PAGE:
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Now that football season is over, hopeless romantics can look forward to the best time of the year.

No guys: I’m not talking about spring training. Valentine’s Day is coming.

It’s the third-worst day of the year to forget — after your anniversary and your wife’s birthday. Valentine’s Day is a sharp rap to the side of husbands’ heads that we should actually do something nice for our wives, who deserve flowers every day of the year merely for putting up with us.

I did hear once about a Norwegian farmer who was told he needed to be more romantic on Valentine’s Day. So he asked his wife to help him make heart-shaped piles of feed for his dairy cows.

The farmer’s bachelor brother went looking for Romance and found it. There on the Wisconsin map was the tiny hamlet, named Romance, in Vernon County. According to “The Romance of Wisconsin Placenames,” a book written in 1969 by Robert Gard and Leland Sorden, it’s located “in a valley between hills of beautiful forests, conducive to a romantic mood.”

I am not speaking for all in the male gender, but try as we might it’s part of the natural order of things that we are as a rule insensitive and take our spouses for granted, despite our best intentions not to do so. Why is it we can remember the exact time of the Super Bowl kickoff or when our next oil change is due but can’t remember details about dates or about our wedding day?

That’s why we need Valentine’s Day.

But the holiday of hearts and candy did not start out as romantic as it is today. Some historians say the holiday is linked to the ancient Roman festival called Lupercalia, which was to protect people from wolves. In this celebration, instead of bringing flowers and gifts, young men whipped women with strips of animal hide. And the women took the blows because they thought the whipping made them more fertile. The ceremony concluded with a lottery of sorts to select a mate.

There’s no truth to the rumor that I just wrote the plot line for the next “50 Shades” movie. Still, that’s a long way from roses, greeting cards, chocolate and engagement rings.

St. Valentine himself, although he left a parting love note for his girl, did not die in the arms of loving family members. He was beheaded and martyred on Feb. 14 because he refused to worship the Roman gods — like Cupid, the god of love.

But even our ancestors had a way to turn beheadings into marketing opportunities. In the early 1400s, people in England celebrated the day by passing verses and romantic messages, a tradition started by poet Goeffrey Chaucer. Chaucer had the romantic notion that birds began to choose their mates on that day.

The oldest known Valentine in existence is a poem written in 1415 by Charles, Duke of Orleans, to his wife while he was imprisoned in the Tower of London. I cannot verify that the poem began with “Roses are red, violets are blue ...”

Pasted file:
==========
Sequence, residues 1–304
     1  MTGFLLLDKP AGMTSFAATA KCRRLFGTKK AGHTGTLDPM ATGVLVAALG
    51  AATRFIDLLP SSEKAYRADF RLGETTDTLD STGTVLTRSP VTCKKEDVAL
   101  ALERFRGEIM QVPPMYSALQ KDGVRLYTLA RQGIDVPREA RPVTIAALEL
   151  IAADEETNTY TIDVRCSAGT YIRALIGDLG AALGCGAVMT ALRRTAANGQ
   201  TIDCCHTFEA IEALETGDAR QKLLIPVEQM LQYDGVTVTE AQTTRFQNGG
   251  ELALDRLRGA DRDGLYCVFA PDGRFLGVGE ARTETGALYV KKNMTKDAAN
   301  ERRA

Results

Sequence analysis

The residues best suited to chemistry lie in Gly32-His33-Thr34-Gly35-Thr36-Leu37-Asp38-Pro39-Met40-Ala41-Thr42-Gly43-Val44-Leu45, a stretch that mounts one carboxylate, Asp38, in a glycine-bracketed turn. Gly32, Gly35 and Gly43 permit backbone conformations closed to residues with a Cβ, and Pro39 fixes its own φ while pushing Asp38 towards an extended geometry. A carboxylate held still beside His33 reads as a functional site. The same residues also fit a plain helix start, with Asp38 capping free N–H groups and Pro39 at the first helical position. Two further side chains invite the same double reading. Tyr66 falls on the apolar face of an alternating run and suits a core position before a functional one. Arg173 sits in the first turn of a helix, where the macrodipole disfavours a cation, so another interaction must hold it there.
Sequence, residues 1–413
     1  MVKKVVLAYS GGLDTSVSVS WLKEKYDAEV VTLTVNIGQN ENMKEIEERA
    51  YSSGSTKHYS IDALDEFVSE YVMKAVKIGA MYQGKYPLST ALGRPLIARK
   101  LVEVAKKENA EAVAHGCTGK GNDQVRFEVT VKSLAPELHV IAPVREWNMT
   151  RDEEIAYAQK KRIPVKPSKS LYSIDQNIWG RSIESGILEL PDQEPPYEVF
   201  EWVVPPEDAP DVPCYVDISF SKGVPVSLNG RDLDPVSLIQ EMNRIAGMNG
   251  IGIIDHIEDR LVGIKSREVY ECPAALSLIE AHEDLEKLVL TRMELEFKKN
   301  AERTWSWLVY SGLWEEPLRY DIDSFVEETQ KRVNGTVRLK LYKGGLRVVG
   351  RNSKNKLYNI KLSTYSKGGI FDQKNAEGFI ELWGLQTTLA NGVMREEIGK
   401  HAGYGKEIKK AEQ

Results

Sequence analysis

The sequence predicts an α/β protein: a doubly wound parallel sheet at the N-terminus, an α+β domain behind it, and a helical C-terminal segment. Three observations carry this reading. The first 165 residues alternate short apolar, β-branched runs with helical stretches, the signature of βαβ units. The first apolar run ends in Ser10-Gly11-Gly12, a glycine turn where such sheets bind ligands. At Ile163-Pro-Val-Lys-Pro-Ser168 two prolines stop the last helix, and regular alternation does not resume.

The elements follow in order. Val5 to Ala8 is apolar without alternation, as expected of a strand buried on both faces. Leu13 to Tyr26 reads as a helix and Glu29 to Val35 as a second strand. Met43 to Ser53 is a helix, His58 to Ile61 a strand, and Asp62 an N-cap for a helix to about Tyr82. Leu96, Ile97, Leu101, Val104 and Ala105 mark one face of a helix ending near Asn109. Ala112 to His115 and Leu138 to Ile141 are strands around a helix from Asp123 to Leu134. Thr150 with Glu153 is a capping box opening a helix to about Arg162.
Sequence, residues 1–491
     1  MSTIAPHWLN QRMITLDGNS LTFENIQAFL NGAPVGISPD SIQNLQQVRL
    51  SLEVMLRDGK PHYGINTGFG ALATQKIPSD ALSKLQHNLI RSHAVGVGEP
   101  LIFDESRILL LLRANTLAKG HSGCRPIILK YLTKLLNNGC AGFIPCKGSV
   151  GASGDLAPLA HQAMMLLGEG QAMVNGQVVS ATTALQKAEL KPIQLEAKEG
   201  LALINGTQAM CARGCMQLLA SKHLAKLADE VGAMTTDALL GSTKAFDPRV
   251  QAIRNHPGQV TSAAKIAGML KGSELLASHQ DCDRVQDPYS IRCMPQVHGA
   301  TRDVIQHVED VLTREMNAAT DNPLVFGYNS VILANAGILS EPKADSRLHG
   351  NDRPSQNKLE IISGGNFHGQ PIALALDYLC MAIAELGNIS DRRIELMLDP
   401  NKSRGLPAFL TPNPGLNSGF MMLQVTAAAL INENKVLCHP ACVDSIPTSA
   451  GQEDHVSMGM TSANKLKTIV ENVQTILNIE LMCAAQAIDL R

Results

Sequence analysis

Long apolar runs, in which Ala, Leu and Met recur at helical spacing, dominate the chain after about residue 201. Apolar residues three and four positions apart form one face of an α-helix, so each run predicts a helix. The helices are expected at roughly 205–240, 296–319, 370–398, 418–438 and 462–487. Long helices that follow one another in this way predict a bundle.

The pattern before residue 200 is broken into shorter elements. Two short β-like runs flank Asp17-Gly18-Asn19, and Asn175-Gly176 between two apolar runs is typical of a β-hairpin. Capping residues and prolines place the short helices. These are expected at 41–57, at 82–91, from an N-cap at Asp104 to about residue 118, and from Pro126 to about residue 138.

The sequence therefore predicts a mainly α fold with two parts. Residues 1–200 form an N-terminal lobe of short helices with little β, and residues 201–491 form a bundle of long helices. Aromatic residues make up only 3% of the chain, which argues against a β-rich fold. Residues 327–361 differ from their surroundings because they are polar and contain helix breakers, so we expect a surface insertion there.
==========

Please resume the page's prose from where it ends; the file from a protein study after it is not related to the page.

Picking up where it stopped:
In the 1700s, wealthy men gave fancy-dress balls to honor their Valentines and showered them with gifts. Sometimes they would wear the Valentine’s names on their shirt sleeves for days: thus the saying, “wearing his heart on his sleeve.”

It also tells you something about the bathing conditions of the 1700s, but that’s another story.

Once the American marketing machine cranked up, Valentine’s Day became an important holiday and retail event. The first mass-produced Valentines were created in the 1840s by Esther A. Howland, known as the Mother of Valentine.

We should take time to remember the lonely this time of year. The problem of loneliness has become so severe in Britain the country has appointed a Minister for Loneliness.

As Dave Barry would say, I’m not making this up.

Prime Minister Theresa May has appointed Tracey Crouch as the lonely minister. She is the under-secretary for sport and civil society in the culture ministry. A 2017 report found more than 9 million people in Britain often or always feel lonely.

“For far too many people, loneliness is the sad reality of modern life,” May said. “I want to confront this challenge for our society and for all of us to take action to address the loneliness endured by the elderly … by those who have lost loved ones — people who have no one to talk to or share their thoughts and experiences with.”

The Office for National Statistics is to help establish a method of measuring loneliness. A fund would be created to help the government and charities develop a strategy to combat the problem. I’m sure it will involve more social interaction with tea and crumpets.

I suspect there is little support from our government to tackle the issue, even though we too have plenty of lonely folks. I’m pretty sure one of the Kardashians will have a TV series on the topic. But that’s for later. Now we need to focus on the estimated $18 billion in stimulus – economic, I mean – that results from Valentine’s Day.

There are some who dislike the commercial nature of forcing romance, but I for one appreciate it. Valentine’s Day reminds me of what’s important.

Right ahead of spring training.

Former Tribune editor Chris Hardie and his wife, Sherry, raise sheep and cattle on his great-grandparents’ Jackson County farm.


Local news editor

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